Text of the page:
Ancestry Library Edition boasts over 1.5 million names in over 4000 databases and at that it is the biggest single source of genealogical information. New South Wales, Australia, Wives and children of Irish Convicts, 1825 -1840, Principal women of the Empire: Australia and New Zealand are two resources dealing specifically with women, however females are documented in all other resources as well.

Come in to one of the Sutherland Shire Libraries to search and see the original documents supplied via the library's subscription.

March reads

 Calling Major Tom/ David M. Barnett

Calling Major Tom is a funny, uplifting tale of friendship and community about the world's most unlikely astronaut. You'll laugh, you'll cry, you'll get a David Bowie earworm and you will cheer on all the grumpy men in your life. There's a starman waiting in the sky. And his name is Thomas. He is very happy to be on his own, far away from other people and their problems. But beneath his cranky exterior lies a story and a sadness that is familiar to us all. And he's about to encounter a family who will change his view of the world forever.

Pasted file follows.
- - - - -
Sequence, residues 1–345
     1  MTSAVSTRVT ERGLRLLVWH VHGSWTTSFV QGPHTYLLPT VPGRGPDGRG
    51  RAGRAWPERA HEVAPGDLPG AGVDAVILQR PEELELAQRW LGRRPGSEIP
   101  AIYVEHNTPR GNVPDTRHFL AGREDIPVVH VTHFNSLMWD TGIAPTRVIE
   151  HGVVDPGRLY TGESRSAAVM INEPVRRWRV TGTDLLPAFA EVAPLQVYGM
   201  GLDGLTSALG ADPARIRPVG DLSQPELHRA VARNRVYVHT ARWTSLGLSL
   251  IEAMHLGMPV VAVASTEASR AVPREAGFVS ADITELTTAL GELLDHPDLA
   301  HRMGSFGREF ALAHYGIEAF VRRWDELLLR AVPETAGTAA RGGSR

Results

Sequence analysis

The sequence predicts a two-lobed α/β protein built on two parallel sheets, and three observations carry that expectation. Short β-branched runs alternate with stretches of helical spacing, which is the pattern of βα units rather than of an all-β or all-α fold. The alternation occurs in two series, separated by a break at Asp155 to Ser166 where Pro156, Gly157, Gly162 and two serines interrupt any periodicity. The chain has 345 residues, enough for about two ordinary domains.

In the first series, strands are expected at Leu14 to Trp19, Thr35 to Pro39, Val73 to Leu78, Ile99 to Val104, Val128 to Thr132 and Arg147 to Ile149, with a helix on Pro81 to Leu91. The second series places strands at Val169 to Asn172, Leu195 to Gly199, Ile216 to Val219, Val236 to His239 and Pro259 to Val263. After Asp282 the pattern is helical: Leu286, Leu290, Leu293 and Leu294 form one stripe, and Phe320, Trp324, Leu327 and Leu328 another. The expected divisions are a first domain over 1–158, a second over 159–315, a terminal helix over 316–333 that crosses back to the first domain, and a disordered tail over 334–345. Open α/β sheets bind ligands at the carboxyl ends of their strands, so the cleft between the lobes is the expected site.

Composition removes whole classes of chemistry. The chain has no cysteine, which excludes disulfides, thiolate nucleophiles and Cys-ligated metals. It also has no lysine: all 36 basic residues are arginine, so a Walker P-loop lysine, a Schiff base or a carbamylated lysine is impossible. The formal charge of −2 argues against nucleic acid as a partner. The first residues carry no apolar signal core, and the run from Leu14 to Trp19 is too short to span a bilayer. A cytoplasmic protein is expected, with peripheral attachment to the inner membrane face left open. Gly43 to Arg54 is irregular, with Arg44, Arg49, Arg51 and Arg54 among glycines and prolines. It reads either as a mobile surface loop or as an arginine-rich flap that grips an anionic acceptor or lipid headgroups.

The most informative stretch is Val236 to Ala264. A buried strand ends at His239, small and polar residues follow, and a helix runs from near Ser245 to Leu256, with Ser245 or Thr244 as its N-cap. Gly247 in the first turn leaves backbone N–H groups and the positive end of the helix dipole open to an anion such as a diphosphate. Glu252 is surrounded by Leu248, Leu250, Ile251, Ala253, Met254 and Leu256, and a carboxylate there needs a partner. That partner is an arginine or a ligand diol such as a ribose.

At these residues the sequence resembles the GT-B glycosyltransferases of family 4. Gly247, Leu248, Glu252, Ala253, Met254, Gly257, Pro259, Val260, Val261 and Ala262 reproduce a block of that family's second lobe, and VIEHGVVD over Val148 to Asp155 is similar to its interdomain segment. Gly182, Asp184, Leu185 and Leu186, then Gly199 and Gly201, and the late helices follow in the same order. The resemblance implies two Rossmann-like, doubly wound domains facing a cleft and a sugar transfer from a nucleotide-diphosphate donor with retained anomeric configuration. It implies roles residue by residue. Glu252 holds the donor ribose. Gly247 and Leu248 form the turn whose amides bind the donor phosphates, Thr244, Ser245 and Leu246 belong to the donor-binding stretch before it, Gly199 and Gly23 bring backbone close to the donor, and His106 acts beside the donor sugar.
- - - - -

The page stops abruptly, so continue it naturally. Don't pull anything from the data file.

4321/ Paul Auster
Paul Auster's greatest, most heartbreaking and satisfying novel -- a sweeping and surprising story of birthright and possibility, of love and of life itself: a masterpiece. Nearly two weeks early, on March 3, 1947, in the maternity ward of Beth Israel Hospital in Newark, New Jersey, Archibald Isaac Ferguson, the one and only child of Rose and Stanley Ferguson, is born. From that single beginning, Ferguson's life will take four simultaneous and independent fictional paths. Four identical Fergusons made of the same DNA, four boys who are the same boy, go on to lead four parallel and entirely different lives. Family fortunes diverge. Athletic skills and sex lives and friendships and intellectual passions contrast. Each Ferguson falls under the spell of the magnificent Amy Schneiderman, yet each Amy and each Ferguson have a relationship like no other. Meanwhile, readers will take in each Ferguson's pleasures and ache from each Ferguson's pains, as the mortal plot of each Ferguson's life rushes on. As inventive and dexterously constructed as anything Paul Auster has ever written, yet with a passion for realism and a great tenderness and fierce attachment to history and to life itself that readers have never seen from Auster before. 4 3 2 1 is a marvelous and unforgettably affecting tour de force.

The golden child/ Wendy James